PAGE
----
Malcolm Gladwell coined the idea of the ten-thousand-hour rule, saying that in order to be an expert in anything, you must invest ten thousand hours of time.

This goes for any skill: a golf swing, writing (I’m putting in my time!), crocheting…or preaching.

Considering preaching, this is quite a daunting task. Let’s do some quick math:
• 1 sermon/teaching opportunity per week
• 52 weeks in the year
• 1 sermon = 40 minutes
• Prep time = 10 hours
• Total time per week preparing and preaching =10.6 hours
• 10.6 hours x 52 weeks = 551.2 hours per year

At this rate, it would take someone just over 18 years to collect ten thousand hours of experience in preaching. Based on this, I am still 8 years away from becoming an “expert” in preaching. This may offer some reassurance to some who attend my church!

But as I have invested time, energy and resources into this important craft, I have acquired some valuable lessons.

After 10 years in ministry, 2 degrees and countless preaching and teaching opportunities, what top three preaching insights that I have received, would I pass on to you?

1. “Preach with snowshoes, not stilts.”
Richard Pratt, Old Testament professor at Reformed Theological Seminary, gave this sage advice during an Old Testament course I participated in at Re:Train (at the former Mars Hill Church in Seattle) in 2011.

The meaning behind is phrase is quite simple: the preacher needs to learn how to handle and expound larger chunks of scripture.

It wouldn’t take long to learn this lesson when snowshoeing on your local hill this winter. Imagine trying to maneuver through 4 feet of snow with stilts –not an easy task. The science behind snowshoes is easy to understand: displace weight across a larger surface area so that you don’t sink into the snow.

So it is with preaching. The temptation is to zoom in on one word, or one phrase in a verse and preach that phrase for the entire duration of your sermon. The danger is that we miss the nuances of the rest of the text.

This can lead to a counterfeit type of expository preaching.

Imagine if someone took one or two sentences out of an email you sent to a loved one, and simply focused on the words and phrases in those sentences, without zooming out and understanding the greater meaning to the message. Not only could the text be misconstrued, but the overall essence could be lost.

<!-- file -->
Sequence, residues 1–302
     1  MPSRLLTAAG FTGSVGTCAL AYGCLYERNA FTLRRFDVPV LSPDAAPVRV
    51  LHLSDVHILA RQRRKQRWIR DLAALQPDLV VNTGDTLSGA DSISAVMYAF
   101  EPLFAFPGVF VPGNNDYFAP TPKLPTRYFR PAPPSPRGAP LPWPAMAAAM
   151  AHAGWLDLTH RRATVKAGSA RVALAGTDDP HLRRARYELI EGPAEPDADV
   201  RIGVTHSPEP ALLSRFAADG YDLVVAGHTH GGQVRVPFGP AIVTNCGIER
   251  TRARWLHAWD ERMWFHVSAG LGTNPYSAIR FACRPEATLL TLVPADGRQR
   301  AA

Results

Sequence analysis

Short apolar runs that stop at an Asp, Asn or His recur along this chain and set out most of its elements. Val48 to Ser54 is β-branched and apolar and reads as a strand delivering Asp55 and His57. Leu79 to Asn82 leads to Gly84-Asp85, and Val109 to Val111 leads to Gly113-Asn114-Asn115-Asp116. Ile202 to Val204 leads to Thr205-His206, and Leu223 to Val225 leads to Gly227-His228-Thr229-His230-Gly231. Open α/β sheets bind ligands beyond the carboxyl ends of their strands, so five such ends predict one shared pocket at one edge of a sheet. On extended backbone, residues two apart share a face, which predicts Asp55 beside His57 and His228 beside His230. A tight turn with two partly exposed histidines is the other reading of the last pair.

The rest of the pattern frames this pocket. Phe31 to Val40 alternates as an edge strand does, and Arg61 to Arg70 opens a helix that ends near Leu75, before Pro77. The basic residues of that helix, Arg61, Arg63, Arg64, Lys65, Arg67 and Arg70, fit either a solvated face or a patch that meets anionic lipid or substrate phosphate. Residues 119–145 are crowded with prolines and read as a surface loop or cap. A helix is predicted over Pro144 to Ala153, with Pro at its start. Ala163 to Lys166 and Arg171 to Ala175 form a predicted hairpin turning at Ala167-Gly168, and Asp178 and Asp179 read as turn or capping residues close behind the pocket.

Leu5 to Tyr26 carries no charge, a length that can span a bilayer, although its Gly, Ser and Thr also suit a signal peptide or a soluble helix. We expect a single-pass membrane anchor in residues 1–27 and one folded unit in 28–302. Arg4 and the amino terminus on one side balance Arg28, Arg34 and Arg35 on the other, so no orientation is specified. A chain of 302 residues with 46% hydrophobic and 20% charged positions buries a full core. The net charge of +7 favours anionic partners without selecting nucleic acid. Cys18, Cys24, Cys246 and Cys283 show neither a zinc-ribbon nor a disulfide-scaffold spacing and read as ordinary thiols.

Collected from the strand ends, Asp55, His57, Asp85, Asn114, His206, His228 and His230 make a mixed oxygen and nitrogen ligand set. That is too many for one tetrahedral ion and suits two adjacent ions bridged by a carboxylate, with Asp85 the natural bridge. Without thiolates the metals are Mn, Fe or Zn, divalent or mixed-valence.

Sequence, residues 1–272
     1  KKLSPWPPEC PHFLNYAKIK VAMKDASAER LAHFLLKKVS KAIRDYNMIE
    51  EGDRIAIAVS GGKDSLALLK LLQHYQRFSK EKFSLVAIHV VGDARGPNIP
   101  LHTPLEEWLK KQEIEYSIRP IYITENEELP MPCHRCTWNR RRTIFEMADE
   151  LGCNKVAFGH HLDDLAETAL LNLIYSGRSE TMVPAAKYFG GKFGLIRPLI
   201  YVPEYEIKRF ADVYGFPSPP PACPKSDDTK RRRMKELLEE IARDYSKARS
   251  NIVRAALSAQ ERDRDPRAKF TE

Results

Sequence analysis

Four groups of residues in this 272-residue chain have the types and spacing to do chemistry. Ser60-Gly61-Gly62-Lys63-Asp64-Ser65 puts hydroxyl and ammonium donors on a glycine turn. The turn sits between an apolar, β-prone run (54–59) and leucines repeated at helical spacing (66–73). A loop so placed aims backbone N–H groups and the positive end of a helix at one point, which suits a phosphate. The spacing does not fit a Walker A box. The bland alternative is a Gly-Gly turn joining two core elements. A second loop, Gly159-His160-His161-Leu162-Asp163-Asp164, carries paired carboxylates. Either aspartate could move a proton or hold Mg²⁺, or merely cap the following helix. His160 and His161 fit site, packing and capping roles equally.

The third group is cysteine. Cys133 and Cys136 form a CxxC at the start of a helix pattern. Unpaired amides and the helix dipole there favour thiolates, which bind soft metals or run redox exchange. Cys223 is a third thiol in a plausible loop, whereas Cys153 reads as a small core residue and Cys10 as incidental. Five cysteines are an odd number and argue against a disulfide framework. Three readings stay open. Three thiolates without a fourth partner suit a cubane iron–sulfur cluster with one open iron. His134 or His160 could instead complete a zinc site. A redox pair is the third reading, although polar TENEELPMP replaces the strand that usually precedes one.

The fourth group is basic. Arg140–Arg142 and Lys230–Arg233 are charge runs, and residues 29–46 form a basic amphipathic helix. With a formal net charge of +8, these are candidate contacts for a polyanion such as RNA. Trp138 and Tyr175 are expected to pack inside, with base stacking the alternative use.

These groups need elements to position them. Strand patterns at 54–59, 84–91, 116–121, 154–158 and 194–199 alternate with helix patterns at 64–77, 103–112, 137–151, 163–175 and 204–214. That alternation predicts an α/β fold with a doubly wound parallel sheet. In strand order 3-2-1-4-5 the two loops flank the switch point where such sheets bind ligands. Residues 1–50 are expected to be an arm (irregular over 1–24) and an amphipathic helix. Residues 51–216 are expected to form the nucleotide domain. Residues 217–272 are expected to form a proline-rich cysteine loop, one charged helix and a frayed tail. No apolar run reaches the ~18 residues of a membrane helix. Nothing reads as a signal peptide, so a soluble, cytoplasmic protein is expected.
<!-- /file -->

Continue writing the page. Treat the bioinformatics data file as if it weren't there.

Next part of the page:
If we use a bigger chunk of scripture, we will have more ground to convince people that the sermon is the true testimony of Scripture.

2. “Find the F.C.F.”
When it comes to preaching, Bryan Chapell has probably influenced me more than any other thinker.

Author of “Christ-Centered Preaching”, Chapell is well-known as a leading voice in preaching Christ-centered, redemptive sermons. The content of my formal master’s level Homiletics course at Knox Theological Seminary was derived from this text, a must own book for every preacher.

My greatest takeaway from Chapell is his insistence on finding the “Fallen Condition Focus” or the “F.C.F.” The FCF is “the mutual human condition that contemporary believers share with those for or by whom the text was written.”

The F.C.F. prompts the preacher to ask a question: what is the burden in the text? What was the struggle? How does the weight, consequence, and reality of sin play out in the text to be preached?

Likewise, it forces the preacher to discern how Genesis 3 (the fall of man) has impacted the people, story, situation, and perspective of those in the Scripture passage being preached. The key then is to connect it with our struggle right now.

In order to find the F.C.F. ask and answer these three questions:
1. What does the text say?
2. What concern(s) did the text address in that original context?
3. What do we share in common with those for or by whom the text was written?

The F.C.F. takes preaching from the third person to here and now and the people sitting in the pews.

Effective preaching is about bringing truth to struggle. It is not just about telling people what to do, but knowing people’s burdens and bringing the truth of Scripture to them.

3. “Preach to the heart”
Tim Keller is an amazing expositor of Scripture and of culture. I still listen to his sermons to secular University of Oxford students as a model of evangelistic faithful Bible preaching. Keller is an amazing resource for any young preacher trying to get better as he demonstrates how to preach to the heart. Tim Keller’s “Preaching” book is a must-have for any preacher.

As I see it, preaching to the heart assumes two things: you know the text and you know the people.

Knowing the text means that you put the time in during the week through thoughtful study. Knowing the people mean you put in the time with people, learning about their dreams, hopes, struggles, and fears. The former is being a good expositor; the latter is being a present pastor.

It is vital to preach to the heart because, as Scripture states, it is the seat of what you trust and are committed to the most. The heart is the seat (not of the emotions as our culture tells us) but of what you trust and are committed to the most (see Proverbs 3:5-6). Your heart affects the mind, will, and emotions.

If we don’t preach to the heart, we end up cultivating Tyrannosaurus Rex disciples: big heads, small hands and, most tragically, a small heart.

So what now?
Perhaps the next step is to buy one of these thinker’s books or to set up a few people to evaluate your next sermon with these directives in mind (possibly remind the reader of the three directives).

Take one of these three lessons outlined above and commit yourself to getting better today.

Preaching matters. More than ever we need to be committed to effective communication of the timeless Word and to the changing culture.

And remember it may take time to improve – perhaps even up to 10,000 hours’ worth.

Want a coach to go over some of your sermons with you? I’d be glad to help. More information here.